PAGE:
The tally of more than 400 structures damaged or destroyed in the Kincade fire also represents over half the property losses from all California wildfires this year, according to the California Department of Forestry and Fire Protection, or Cal Fire.

Still, California's current fire season to date pales by comparison to an epic spate of conflagrations in 2017 and 2018 that ranks as the deadliest and most destructive in state history.

Nearly 150 lives were lost in wildfires during those two years, including 85 who perished in the Camp fire, which virtually incinerated the Northern California town of Paradise a year ago on Friday and stands as the state's most lethal blaze on record. Cal Fire lists just three wildfire fatalities so far this year.

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Biggest wildfire in California ' s history is declared extinguished SIX MONTHS after it first started, burning more than 440 square miles. Los Padres National Forest officials made the designation after detecting no hotspots within the perimeter of the Thomas fire for more than two months.

The 2018 wildfire season was the deadliest and most destructive wildfire season ever recorded in California , with a total of 8,527 fires burning an area of 1,893,913 acres (766,439 ha)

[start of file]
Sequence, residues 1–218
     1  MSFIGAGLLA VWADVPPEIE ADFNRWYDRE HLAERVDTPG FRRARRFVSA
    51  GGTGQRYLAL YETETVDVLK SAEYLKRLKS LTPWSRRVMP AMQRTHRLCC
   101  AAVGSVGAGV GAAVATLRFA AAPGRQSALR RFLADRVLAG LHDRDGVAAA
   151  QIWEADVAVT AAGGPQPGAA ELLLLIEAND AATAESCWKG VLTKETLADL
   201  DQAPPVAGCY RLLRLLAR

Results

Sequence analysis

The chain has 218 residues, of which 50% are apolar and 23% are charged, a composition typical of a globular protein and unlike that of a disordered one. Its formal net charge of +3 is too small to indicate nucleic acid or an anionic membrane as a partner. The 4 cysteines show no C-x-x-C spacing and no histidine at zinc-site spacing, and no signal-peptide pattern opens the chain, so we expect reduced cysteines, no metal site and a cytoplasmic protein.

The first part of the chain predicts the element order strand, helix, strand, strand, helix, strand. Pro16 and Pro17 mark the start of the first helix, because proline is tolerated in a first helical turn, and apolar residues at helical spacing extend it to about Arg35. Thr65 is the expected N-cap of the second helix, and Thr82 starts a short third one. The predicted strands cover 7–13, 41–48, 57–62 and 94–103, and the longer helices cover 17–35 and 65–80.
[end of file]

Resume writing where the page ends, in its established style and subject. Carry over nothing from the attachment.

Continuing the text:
clouds in the dark: FILE PHOTO: A horse statue is silhouetted by a burning structure during the wind-driven Kincade Fire in Windsor, California© Reuters/Stephen Lam FILE PHOTO: A horse statue is silhouetted by a burning structure during the wind-driven Kincade Fire in Windsor, California

Although weeks remain of a fire season that now effectively runs through December, the 2019 tally of a quarter-million acres burned falls far short of the 1.2 million acres and 1.6 million acres that went up in flames in 2017 and 2018, respectively. Thousands of homes were destroyed.

A number of factors have been cited for the reduced wildfire toll in 2019, including redoubled readiness and prevention efforts and favorable weather through the first half of the year.

"We had a great winter, in terms of rainfall, with a really good snow pack, and no winds to speak of for most of the year," Cal Fire spokesman Scott McLean said.

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(AP) — The largest wildfire in recorded California history is officially out nearly six months after it began. Los Padres National Forest officials declared the Thomas fire extinguished Friday after detecting no hotspots within the perimeter for more than two months.